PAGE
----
Could The Cubs Make A Run At Pujols?
For many Cardinals fans, the thought of Albert Pujols wearing a Cub uniform is only okay as part of a bad Halloween gag. Could this nightmare actually come to pass?
Friday 18 Feb 2011 looms not as a happy day bringing the start of 2011 Spring Training activities, but as Armageddon. It is the deadline proposed by Albert Pujols for his reps and the Cardinal front office to conclude a new contract. If a deal is not done by that date, he has committed to not negotiating again until after the season. Free Agency for this generation’s greatest hitter looms ever larger on the horizon.
Many teams have been thrown about as potential suitors for Pujols should he reach the free agent market. The most prominent examples are the Yankees, Red Sox, and Angels. The Cubs are also mentioned, which beings varying levels of derision and apprehension to the Cardinal faithful.
- Fan 1: “Albert wouldn’t go to the CUBS, would he?”
- Fan 2: “No way he leaves St Louis. That’s just a negotiation tactic. He’s trying to scare the front office.”
- Fan 1: (not convinced) “I guess you’re right.”
Well, how about it – do the Cubs have the cash to make a run at Pujols?
Cot’s Baseball Contracts list the Cubs with a $126 million (M) payroll for 2011, and $65.6M already obligated for 2012. That 2012 money is owed to the following players.
- Alfonso Soriano $19M
- Carlos Zambrano $19M
- Aramis Ramirez $2M (buyout; if he comes back, it’s $16M)
- Ryan Dempster $14M
- Carlos Silva $2M (buyout; if he comes back, it’s $12M)
- Marlon Byrd $6.5M
- Sean Marshall $3.1M
I would expect the Cubs to buy out Silva; to make a run at Pujols, they’ll probably buy out Ramirez as well. Who would YOU rather pay $14M – 34 year old Ramirez or 32 year old Pujols?
There is still the majority of the roster to fill out. Starlin Castro (SS), Tyler Colvin (CF), Jeff Baker (2B), Blake DeWitt (3B), and either Koyie Hall or Geovany Soto (C) will hold down the rest of the everyday positions (for the sake of this discussion I’ve put DeWitt at third in place of Ramirez), and each of them is either not arbitration eligible (therefore making just above the ML minimum), or still in their arbitration years, so affordable for minimal cost.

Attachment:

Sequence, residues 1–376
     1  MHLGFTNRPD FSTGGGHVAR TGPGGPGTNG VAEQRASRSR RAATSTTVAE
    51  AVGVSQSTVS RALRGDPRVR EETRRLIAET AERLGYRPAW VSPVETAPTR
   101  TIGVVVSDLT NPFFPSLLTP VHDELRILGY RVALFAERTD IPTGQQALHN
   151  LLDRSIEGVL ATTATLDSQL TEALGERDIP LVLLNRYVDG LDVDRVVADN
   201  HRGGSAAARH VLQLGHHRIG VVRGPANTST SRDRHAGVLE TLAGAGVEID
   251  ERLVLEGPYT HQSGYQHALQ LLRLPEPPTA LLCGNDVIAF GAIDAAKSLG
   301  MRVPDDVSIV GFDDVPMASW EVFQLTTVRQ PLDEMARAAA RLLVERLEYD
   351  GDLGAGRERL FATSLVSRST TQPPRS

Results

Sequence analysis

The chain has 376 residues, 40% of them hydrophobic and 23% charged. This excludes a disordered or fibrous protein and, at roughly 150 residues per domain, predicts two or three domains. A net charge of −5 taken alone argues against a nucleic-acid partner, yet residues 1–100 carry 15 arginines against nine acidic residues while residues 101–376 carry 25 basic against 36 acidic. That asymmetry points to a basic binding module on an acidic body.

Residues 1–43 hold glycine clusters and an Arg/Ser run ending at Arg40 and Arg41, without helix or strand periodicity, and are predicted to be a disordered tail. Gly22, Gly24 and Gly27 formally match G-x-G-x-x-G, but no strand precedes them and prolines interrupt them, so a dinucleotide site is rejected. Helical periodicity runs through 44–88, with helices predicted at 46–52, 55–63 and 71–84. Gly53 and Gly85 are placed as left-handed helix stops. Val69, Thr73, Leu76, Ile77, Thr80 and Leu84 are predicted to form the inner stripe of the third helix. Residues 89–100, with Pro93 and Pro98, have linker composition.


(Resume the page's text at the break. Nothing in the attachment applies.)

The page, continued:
Let’s assign some notional 2012 salaries to the arbitration players. Suppose Soto gets a $1M raise (from $3M to $4M), Baker gets a $1M raise (from $1.175 to $2.175), DeWitt gets a $600K bump (to $1.1M), and Hill $250K (from $850K to $1.1M). That takes the roter to $74M. With the modest increase for the non-arbitration eligible players, let’s further suppose the roster sits at $77M.
There will be three arbitration eligible pitchers on the 2011 Cub roster – Matt Garza, Randy Wells, and Carlos Marmol. Based on past performance they would all be due for a hefty raise during next winter’ s negotiations. So, let’s further suppose Garza makes $9M in 2012 (up from $5.9M), Wells $3.1M (up from $427K), and Marmol $7.5M (up from $5.5M in 2011, the high arbitration value submitted). Now the roster sits at $96.6M for 14 players.
Ten years, $300M has been bandied about informally as what Pujols is seeking. Truthfully we have no idea what his contract demands are, as both his negotiating team and the Cardinals agreed to a media blackout about the discussions and have stuck to it. But assuming he is really looking for $30M per, and the Cubs decide to pay him just that, it would push the Cub payroll to $126.6M with 10 more players needed to fill out the team. Note the Cubs spent $144M-plus on the 2010 team. If our final supposition is they will leave the roster at 2010 levels (like the federal government is currently doing with defense spending) at $126.6M they are still $18M short of that. And considering they could sign a couple of modest free-agents to fill out the bench or bullpen, and use their farm system to supply the rest, that’s an easily achievable for Chicago.
Not only have we shown the Cubs could sign Pujols, but do so and save money when compared to their 2010 payroll. Signing Carlos Pena to a one-year deal gave them the roster flexibility to try, and they clearly have the cash.
Could the Cubs make a run at Pujols? You bet they could.